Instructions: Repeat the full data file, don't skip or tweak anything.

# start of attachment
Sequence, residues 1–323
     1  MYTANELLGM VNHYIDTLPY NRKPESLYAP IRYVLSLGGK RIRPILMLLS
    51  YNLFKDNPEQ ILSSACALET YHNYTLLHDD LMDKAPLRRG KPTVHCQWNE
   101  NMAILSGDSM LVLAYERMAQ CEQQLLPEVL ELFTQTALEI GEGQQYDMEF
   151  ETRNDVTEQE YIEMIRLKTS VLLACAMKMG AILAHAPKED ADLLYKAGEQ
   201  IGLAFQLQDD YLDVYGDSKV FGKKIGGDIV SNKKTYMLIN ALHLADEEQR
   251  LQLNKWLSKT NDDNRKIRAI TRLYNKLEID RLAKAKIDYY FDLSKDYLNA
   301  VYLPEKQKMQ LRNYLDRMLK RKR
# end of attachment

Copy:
Sequence, residues 1–323
     1  MYTANELLGM VNHYIDTLPY NRKPESLYAP IRYVLSLGGK RIRPILMLLS
    51  YNLFKDNPEQ ILSSACALET YHNYTLLHDD LMDKAPLRRG KPTVHCQWNE
   101  NMAILSGDSM LVLAYERMAQ CEQQLLPEVL ELFTQTALEI GEGQQYDMEF
   151  ETRNDVTEQE YIEMIRLKTS VLLACAMKMG AILAHAPKED ADLLYKAGEQ
   201  IGLAFQLQDD YLDVYGDSKV FGKKIGGDIV SNKKTYMLIN ALHLADEEQR
   251  LQLNKWLSKT NDDNRKIRAI TRLYNKLEID RLAKAKIDYY FDLSKDYLNA
   301  VYLPEKQKMQ LRNYLDRMLK RKR